Singapore’s NUS and Thales developing quantum technologies for commercial applications
Quantum computing applications may not be particularly mainstream now, although quantum computing as a field has been growing at an accelerated rate these past few years.
While the frequently-bandied about term may sound intimidating, quantum computing is essentially computing that can be performed at speeds and efficiencies far, far superior to what typical computers can do today. In short — computing on steroids.
Aside from university labs, we’re already seeing it being used in a few sectors, such as cybersecurity, pharmaceuticals, and even logistics. Indeed, quantum computing has come a rather long way, in a short amount of time, mainly because of the immense benefit it can give to quickly compute and thus, analyze massive sets of data at breakneck speeds.
The rise of quantum computing has Big Tech to thank — giants such as Microsoft, Amazon, Google, and IBM have been heavily investing in developing quantum computing and related technologies in recent years. The same has gone for governments such as China, South Korea, India, and Japan, all of whom have invested in or are planning to invest in developing this technology.
Just last month, UK-based Oxford Quantum Circuits launched the world’s first commercially available QCaaS (Quantum Computing as a Service), even. Prior to OQC, both Amazon and Honeywell had worked on developing and piloting commercial QCaaS.
Industrial quantum computing applications
Earlier this week, the National University of Singapore’s (NUS) Singapore’s Quantum Engineering Programme (QEP) announced that they would be working with Thales to develop and test quantum technologies for industry use.
The Memorandum of Understanding (MoU) signed on 29 September marks the start of a two-year partnership to jointly develop and test quantum technologies for commercial applications.
Under the MoU, Singapore’s Quantum Engineering Programme (QEP) and Thales aim to advance quantum technologies and prepare industry players for their arrival. The partnership will see industry and academic experts from Thales and QEP develop capabilities to test and evaluate interdisciplinary quantum security technologies.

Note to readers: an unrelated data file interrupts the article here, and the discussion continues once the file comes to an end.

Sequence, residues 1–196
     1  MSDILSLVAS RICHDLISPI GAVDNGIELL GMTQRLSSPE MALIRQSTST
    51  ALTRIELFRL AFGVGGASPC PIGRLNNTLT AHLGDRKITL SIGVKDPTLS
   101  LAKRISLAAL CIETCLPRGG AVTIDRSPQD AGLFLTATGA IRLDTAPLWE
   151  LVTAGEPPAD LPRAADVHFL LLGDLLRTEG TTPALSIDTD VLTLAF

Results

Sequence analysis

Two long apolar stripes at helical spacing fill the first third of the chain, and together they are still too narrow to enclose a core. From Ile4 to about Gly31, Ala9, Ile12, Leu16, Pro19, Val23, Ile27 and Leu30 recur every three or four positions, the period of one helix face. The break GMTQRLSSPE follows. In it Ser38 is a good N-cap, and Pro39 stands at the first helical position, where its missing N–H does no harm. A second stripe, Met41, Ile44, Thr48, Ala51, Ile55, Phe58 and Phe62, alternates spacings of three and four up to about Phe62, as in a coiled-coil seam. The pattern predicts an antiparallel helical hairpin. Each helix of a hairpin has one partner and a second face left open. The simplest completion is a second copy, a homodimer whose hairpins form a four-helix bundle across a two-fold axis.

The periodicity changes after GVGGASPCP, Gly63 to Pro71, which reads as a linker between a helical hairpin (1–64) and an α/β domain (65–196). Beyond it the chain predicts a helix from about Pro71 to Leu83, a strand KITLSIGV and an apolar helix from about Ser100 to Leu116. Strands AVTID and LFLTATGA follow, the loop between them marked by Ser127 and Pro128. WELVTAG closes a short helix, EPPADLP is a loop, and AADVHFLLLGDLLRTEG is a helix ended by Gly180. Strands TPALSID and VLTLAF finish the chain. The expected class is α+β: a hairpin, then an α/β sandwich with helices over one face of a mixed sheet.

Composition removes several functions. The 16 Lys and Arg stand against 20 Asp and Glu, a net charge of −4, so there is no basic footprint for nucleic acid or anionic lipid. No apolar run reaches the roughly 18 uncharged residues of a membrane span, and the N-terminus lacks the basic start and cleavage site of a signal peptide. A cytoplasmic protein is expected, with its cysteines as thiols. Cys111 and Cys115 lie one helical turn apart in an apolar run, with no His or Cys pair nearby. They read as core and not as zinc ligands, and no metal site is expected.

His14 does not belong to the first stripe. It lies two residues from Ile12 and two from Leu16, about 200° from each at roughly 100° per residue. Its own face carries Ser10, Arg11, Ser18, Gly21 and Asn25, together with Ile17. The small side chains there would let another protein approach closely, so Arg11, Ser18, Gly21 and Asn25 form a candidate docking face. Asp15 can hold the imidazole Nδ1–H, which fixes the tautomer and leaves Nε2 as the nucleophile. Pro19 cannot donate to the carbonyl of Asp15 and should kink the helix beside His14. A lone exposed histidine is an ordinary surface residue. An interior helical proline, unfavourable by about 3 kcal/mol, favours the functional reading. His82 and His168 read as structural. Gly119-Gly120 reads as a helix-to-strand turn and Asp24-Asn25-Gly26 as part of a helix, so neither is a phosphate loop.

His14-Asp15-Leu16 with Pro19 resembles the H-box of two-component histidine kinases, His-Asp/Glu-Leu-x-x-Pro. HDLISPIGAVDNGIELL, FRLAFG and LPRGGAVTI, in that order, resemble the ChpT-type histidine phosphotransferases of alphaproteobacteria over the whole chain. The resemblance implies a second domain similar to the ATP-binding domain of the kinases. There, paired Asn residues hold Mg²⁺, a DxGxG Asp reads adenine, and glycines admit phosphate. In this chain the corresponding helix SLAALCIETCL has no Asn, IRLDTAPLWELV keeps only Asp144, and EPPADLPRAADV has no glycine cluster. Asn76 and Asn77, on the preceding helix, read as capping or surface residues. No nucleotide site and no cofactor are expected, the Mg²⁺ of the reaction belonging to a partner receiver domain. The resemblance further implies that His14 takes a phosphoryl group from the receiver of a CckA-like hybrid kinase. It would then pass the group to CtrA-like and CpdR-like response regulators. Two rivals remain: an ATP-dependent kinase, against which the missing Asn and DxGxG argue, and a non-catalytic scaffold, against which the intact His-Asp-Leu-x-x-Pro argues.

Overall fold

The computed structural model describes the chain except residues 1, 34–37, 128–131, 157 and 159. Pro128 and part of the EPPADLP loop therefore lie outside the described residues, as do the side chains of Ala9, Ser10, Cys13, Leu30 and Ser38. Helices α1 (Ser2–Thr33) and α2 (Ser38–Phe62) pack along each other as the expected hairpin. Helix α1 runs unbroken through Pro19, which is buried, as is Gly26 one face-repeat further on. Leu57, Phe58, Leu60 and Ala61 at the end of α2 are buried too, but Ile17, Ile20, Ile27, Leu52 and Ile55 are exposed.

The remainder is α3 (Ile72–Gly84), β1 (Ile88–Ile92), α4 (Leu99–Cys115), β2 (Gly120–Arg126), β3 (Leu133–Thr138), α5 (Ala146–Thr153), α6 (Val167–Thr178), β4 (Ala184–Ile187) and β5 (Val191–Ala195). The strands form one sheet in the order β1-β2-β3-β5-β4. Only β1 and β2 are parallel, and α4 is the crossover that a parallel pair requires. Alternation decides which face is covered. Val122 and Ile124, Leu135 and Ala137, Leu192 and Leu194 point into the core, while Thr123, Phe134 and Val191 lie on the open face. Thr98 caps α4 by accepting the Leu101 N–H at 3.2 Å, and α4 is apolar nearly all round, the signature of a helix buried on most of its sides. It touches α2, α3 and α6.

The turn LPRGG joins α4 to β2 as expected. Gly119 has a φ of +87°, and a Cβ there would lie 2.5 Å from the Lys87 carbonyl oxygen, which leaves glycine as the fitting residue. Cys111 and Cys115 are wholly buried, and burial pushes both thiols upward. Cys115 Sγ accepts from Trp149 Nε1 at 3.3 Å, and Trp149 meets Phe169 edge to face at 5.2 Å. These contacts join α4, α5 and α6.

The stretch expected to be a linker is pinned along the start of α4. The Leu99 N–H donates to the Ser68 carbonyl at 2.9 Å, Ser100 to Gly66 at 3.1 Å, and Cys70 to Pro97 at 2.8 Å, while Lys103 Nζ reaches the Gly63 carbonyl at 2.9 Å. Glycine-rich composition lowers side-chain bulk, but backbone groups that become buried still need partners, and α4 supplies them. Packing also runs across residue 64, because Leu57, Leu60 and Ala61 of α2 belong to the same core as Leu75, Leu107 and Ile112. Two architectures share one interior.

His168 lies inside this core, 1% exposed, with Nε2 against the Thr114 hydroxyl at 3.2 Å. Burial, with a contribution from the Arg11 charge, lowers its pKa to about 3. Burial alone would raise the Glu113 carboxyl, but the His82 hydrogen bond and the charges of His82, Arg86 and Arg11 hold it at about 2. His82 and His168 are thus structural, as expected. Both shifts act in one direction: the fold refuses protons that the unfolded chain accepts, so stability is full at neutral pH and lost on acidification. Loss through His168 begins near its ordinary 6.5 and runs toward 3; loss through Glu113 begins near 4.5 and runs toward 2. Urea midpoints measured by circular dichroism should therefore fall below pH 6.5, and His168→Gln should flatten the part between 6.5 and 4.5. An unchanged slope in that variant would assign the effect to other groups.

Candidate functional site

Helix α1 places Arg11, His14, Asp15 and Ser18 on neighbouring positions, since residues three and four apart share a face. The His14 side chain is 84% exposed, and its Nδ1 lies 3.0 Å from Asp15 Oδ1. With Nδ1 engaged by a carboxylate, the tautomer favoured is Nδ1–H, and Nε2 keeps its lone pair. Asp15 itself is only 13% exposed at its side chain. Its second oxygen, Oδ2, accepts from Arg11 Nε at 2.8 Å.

They will also explore potential research collaboration opportunities in the fields of new materials and design for quantum sensing. Additionally, they will organise joint activities such as seminars and conferences to share their expertise and showcase their research outcomes.
Singapore’s quantum computing aspirations
The Quantum Engineering Programme (QEP) is an initiative launched in 2018 by the National Research Foundation, Singapore (NRF) and hosted at NUS. The projects under the collaboration span technologies for security and sensing, and involve QEP researchers across Singapore’s institutes of higher learning and research centres.
Professor Chen Tsuhan, NUS Deputy President (Research & Technology), said, “Building on this momentum, QEP’s partnership with Thales, a forerunner in the quantum revolution, will accelerate innovation and development of quantum solutions that are commercially attractive locally and globally.”
With its track record in developing security and cybersecurity equipment, Thales will make available its SafeNet Luna Hardware Security Modules (HSMs) and high-speed network encryptors that support interfaces to quantum devices for research use.
The algorithms and quantum random number generation technology in these types of equipment provide the crypto-agility to easily implement quantum-safe crypto and combat the threats of quantum computing. This equipment would be deployed for proof-of-concept trials and testbeds in Singapore.
Preempting future quantum threats
In May 2021, Thales launched a network encryption solution capable of protecting enterprise data from future quantum cyber-attacks. It supplements standard encryption with a scheme resistant to quantum computing that is under consideration for international standards.
“Quantum technologies open almost infinite possibilities for the future and our researchers see real potential in three types of quantum applications, namely in sensors, communications and post-quantum cryptology”, shared Mr Kevin Chow, Country Director and Chief Executive, Thales in Singapore.
Thales, which has 33,000 engineers across the world, also aims to be a key player in what is often called the second quantum revolution, which exploits subtle properties of quantum physics and requires mastery of the associated technologies.
Aside from industrial quantum computing applications, what’s next?
Thales’ collaboration with QEP is a “strong testament” to the company’s approach towards using quantum technologies to solve real-world, end-user challenges.
According to Chow, while this initial partnership will involve their network encryption technology to provide crypto-agility and cybersecurity, Thales will continue to work with the R&T ecosystem in Singapore to explore new topics, including using novel materials for quantum sensing or in secured communications in quantum technologies.
Additionally, the joint team of scientists and engineers will also develop devices that tap on quantum physics for higher performance. According to QEP, this is an area of focus under Singapore’s Research, Innovation and Enterprise 2025 Plan (RIE2025).
Mr Ling Keok Tong, Director (Smart Nation and Digital Economy) at NRF shared that quantum communications and security, as well as quantum devices and instrumentation, are two significant focus areas under the QEP.
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